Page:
Even were we to assume arguendo that the DMCA's anticircumvention provisions created a new property right, Chamberlain's attempt to infer such an exemption from copyright misuse and antitrust liability would still be wrong. We have noted numerous times that as a matter of Federal Circuit law, "intellectual property rights do not confer a privilege to violate the antitrust laws. But it is also correct that the antitrust laws do not negate [a] patentee's right to exclude others from patent property." CSU, L.L.C. v. Xerox Corp., 203 F.3d 1322, 1325 (Fed. Cir. 2000) (citations omitted). In what we previously termed "the most extensive analysis of the effect of a unilateral refusal to license copyrighted expression," id., among our sister Circuits, the First Circuit explained that: "The Copyright Act does not explicitly purport to limit the scope of the Sherman Act. . . . We must harmonize the two [Acts] as best we can." Data Gen. Corp. v. Grumman Sys. Support Corp., 36 F.3d 1147, 1186-87 (1st Cir. 1994). Our previous consideration of Data General led us to conclude that it was "consistent with both the antitrust and the copyright laws and is the standard that would most likely be followed by the Tenth Circuit." CSU, 203 F.3d at 1329.
Because nothing in Seventh Circuit law contradicts Data General, we similarly conclude that it is the standard that the Seventh Circuit would most likely follow. The DMCA, as part of the Copyright Act, does not limit the scope of the antitrust laws, either explicitly or implicitly. The Supreme Court has
Finally, the requisite "authorization," on which the District Court granted Skylink summary judgment, points to yet another inconsistency in Chamberlain's proposed construction. The notion of authorization is central to understanding § 1201(a). See, e.g., S. Rep. 105-90 at 28 (1998) ("Subsection (a) applies when a person has not obtained authorized access to a copy or a phonorecord that is protected under the Copyright Act and for which the copyright owner has put in place a technological measure that effectively controls access to his or her work."). Underlying Chamberlain's argument on appeal that it has not granted such authorization lies the necessary assumption that Chamberlain is entitled to prohibit legitimate purchasers of its embedded software from "accessing" the software by using it. Such an entitlement, however, would go far beyond the idea that the DMCA allows copyright owner to prohibit "fair uses . . . as well as foul." Reimerdes, 111 F. Supp. 2d at 304. Chamberlain's proposed construction would allow copyright owners to prohibit exclusively fair uses even in the absence of any feared foul use. It would therefore allow any copyright owner, through a combination of contractual terms and technological measures, to repeal the fair use doctrine with respect to an individual copyrighted work—or even selected copies of that copyrighted work. Again, this implication contradicts § 1201(c)(1) directly. Copyright law itself authorizes the public to make certain uses of copyrighted materials. Consumers who purchase a product containing a copy of embedded software have the inherent legal right to use that copy of the software. What the law authorizes, Chamberlain cannot revoke.(7)
Chamberlain's proposed severance of "access" from "protection" is entirely inconsistent with the context defined by the total statutory structure of the Copyright Act, other simultaneously enacted provisions of the DMCA, and clear Congressional intent. * * * The statutory structure and the legislative history both make it clear that the DMCA granted copyright holders additional legal protections, but neither rescinded the basic bargain granting the public noninfringing and fair uses of copyrighted materials, § 1201(c), nor prohibited various beneficial uses of circumvention technology, such as those exempted under §§ 1201(d),(f),(g),(j). See Reimerdes, 111 F. Supp. 2d at 323.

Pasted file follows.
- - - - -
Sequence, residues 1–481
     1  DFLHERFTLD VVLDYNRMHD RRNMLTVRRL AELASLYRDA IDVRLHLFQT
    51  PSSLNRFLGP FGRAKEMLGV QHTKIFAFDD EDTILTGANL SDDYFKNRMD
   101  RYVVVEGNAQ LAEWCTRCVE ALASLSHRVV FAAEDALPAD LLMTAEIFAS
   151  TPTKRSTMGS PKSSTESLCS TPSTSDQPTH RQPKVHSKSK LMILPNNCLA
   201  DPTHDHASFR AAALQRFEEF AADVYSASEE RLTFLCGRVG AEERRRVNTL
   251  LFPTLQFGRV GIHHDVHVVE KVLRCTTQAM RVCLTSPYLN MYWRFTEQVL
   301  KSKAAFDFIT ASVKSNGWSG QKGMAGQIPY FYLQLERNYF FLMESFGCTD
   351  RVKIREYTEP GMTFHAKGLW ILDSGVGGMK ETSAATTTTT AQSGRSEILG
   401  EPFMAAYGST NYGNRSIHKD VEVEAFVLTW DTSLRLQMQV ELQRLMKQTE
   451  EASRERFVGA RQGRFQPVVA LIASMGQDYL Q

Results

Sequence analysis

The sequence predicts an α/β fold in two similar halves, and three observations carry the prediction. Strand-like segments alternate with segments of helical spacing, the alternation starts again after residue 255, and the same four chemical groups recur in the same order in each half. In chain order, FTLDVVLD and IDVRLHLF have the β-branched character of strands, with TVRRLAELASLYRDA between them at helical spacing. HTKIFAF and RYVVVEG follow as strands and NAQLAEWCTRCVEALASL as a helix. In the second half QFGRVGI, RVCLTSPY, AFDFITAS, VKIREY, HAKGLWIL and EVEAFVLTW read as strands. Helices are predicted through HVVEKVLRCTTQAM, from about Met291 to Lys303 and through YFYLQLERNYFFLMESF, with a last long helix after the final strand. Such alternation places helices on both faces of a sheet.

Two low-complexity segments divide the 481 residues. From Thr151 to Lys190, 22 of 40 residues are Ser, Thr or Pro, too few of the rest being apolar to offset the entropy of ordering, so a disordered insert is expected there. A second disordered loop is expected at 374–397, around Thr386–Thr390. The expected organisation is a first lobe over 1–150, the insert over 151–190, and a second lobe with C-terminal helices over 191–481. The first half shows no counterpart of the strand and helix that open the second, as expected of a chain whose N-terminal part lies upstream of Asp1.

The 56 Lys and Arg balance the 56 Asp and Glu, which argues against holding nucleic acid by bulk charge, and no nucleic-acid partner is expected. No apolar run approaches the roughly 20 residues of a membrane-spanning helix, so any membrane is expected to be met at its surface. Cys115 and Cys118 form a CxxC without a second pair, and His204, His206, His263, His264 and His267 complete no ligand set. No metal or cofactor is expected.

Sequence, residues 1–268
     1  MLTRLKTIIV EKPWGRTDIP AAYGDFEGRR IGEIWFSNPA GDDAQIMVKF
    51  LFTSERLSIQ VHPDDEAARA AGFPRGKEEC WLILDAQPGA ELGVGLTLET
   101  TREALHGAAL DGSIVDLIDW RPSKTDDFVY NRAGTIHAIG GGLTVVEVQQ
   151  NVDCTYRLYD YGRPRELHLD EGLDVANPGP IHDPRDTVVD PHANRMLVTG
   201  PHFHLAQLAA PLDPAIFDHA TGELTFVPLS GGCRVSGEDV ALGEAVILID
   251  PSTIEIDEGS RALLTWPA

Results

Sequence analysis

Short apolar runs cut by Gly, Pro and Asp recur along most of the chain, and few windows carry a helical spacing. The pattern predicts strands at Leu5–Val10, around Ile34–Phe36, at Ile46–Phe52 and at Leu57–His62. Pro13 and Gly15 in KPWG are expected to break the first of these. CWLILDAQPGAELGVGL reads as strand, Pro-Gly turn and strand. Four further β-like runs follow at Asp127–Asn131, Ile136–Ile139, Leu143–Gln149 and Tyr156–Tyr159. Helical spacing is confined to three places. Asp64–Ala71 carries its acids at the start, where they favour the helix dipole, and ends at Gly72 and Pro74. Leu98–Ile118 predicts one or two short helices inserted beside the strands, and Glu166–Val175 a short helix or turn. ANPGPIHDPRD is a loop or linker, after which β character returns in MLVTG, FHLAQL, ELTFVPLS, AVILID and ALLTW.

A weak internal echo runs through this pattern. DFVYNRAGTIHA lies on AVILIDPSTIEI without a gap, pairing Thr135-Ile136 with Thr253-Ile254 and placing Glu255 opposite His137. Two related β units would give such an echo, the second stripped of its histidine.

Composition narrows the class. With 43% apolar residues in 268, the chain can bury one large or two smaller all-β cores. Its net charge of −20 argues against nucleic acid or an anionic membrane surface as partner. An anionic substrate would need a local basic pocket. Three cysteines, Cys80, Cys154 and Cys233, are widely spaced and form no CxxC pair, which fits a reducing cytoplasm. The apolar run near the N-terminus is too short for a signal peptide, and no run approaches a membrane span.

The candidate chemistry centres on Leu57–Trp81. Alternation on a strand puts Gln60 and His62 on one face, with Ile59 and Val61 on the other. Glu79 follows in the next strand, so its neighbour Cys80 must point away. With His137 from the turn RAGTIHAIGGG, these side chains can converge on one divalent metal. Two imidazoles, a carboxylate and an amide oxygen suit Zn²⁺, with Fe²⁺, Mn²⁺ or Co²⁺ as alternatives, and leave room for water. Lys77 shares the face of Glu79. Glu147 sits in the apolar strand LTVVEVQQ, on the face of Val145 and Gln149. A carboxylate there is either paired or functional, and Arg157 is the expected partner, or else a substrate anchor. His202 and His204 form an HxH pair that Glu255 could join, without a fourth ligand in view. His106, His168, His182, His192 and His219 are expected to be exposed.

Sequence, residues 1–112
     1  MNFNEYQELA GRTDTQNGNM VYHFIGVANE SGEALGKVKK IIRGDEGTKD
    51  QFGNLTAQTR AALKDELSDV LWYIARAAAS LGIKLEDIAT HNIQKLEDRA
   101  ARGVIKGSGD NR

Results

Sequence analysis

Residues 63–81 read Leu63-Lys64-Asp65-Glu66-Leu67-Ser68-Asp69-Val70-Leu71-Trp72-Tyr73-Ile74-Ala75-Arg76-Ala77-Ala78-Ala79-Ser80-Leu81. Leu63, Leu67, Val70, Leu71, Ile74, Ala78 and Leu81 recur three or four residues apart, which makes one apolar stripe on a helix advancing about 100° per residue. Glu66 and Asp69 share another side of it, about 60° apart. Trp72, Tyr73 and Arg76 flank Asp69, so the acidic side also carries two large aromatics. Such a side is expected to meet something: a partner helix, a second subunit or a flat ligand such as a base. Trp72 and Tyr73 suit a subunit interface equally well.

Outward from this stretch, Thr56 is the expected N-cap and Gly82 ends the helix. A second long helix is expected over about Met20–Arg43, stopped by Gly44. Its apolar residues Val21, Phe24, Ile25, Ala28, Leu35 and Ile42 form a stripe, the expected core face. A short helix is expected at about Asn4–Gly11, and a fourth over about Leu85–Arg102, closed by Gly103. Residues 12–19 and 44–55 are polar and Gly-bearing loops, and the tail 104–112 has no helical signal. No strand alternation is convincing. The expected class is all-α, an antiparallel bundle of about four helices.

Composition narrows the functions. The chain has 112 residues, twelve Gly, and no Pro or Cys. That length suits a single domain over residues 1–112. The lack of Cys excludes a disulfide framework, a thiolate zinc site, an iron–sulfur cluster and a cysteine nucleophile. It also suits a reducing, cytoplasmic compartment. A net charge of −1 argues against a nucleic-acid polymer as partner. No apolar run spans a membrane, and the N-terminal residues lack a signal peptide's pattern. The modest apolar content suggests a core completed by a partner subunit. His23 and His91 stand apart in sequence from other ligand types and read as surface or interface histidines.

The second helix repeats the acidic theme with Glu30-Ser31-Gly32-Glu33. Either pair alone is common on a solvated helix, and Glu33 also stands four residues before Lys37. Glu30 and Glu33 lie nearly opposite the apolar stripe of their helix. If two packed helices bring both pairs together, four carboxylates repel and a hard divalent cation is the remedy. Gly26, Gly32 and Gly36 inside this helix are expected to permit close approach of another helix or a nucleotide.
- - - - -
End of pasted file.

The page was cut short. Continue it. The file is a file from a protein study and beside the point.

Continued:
We therefore reject Chamberlain's proposed construction in its entirety. We conclude that 17 U.S.C. § 1201 prohibits only forms of access that bear a reasonable relationship to the protections that the Copyright Act otherwise affords copyright owners. While such a rule of reason [*1203] may create some uncertainty and consume some judicial resources, it is the only meaningful reading of the statute. Congress attempted to balance the legitimate interests of copyright owners with those of consumers of copyrighted products. See H.R. Rep. No. 105-551, at 26 (1998). The courts must adhere to the language that Congress enacted to determine how it attempted to achieve that balance. . . .
As we have seen, Congress chose to create new causes of action for circumvention and for trafficking in circumvention devices. Congress did not choose to create new property rights. That is the choice that we have identified. "It is not for us to resolve the issues of public policy implicated by the choice we have identified. Those issues are for Congress." Corley, 273 F.3d at 458. Were we to interpret Congress's words in a way that eliminated all balance and granted copyright owners carte blanche authority to preclude all use, Congressional intent would remain unrealized.
Congress chose words consistent with its stated intent to balance two sets of concerns pushing in opposite directions. See H.R. Rep. No. 105-551, at 26 (1998). The statute lays out broad categories of liability and broad exemptions from liability. It also instructs the courts explicitly not to construe the anticircumvention provisions in ways that would effectively repeal longstanding principles of copyright law. See § 1201(c). The courts must decide where the balance between the rights of copyright owners and those of the broad public tilts subject to a fact-specific rule of reason. Here, Chamberlain can point to no protected property right that Skylink imperils. The DMCA cannot allow Chamberlain to retract the most fundamental right that the Copyright Act grants consumers: the right to use the copy of Chamberlain's embedded software that they purchased.